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When does repeated search in scenes involve memory? Looking at versus looking for objects in scenes

When does repeated search in scenes involve memory? Looking at versus looking for objects in scenes

Journal of Experimental Psychology. Human Perception and Performance 38(1): 23-41

One might assume that familiarity with a scene or previous encounters with objects embedded in a scene would benefit subsequent search for those items. However, in a series of experiments we show that this is not the case: When participants were asked to subsequently search for multiple objects in the same scene, search performance remained essentially unchanged over the course of searches despite increasing scene familiarity. Similarly, looking at target objects during previews, which included letter search, 30 seconds of free viewing, or even 30 seconds of memorizing a scene, also did not benefit search for the same objects later on. However, when the same object was searched for again memory for the previous search was capable of producing very substantial speeding of search despite many different intervening searches. This was especially the case when the previous search engagement had been active rather than supported by a cue. While these search benefits speak to the strength of memory-guided search when the same search target is repeated, the lack of memory guidance during initial object searches-despite previous encounters with the target objects-demonstrates the dominance of guidance by generic scene knowledge in real-world search.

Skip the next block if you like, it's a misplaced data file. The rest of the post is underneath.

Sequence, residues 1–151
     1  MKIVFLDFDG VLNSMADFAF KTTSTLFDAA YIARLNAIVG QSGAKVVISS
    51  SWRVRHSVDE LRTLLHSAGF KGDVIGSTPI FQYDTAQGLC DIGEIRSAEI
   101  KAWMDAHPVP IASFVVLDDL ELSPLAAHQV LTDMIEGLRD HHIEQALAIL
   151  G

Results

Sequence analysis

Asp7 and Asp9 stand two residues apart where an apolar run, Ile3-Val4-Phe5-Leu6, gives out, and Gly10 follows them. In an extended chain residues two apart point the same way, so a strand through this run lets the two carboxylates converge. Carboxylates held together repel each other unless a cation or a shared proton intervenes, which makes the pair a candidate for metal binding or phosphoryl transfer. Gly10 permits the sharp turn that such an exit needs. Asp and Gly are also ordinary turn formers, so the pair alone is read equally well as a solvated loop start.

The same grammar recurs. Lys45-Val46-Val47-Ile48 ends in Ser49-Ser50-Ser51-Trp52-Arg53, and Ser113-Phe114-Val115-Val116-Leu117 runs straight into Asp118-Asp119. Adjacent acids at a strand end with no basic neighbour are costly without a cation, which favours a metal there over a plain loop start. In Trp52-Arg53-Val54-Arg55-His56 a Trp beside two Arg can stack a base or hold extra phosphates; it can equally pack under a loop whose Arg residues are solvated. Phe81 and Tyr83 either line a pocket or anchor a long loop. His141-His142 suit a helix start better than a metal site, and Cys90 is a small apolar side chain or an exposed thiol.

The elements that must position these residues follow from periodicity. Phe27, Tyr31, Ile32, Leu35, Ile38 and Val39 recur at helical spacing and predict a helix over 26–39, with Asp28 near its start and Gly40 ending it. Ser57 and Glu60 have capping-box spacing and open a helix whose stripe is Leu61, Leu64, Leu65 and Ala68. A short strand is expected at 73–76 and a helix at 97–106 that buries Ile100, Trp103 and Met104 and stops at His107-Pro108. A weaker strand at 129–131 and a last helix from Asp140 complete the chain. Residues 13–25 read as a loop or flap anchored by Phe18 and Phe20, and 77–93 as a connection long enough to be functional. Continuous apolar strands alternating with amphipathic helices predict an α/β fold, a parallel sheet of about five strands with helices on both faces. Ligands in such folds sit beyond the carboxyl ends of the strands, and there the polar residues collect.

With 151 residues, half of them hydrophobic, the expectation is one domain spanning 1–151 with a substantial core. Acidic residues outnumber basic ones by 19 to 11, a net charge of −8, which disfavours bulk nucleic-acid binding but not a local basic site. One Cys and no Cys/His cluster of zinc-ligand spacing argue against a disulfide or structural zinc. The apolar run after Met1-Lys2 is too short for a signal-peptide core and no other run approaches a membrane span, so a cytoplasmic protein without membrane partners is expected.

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Accession: 056930901

Download citation: RISBibTeXText

PMID: 21688939

DOI: 10.1037/a0024147

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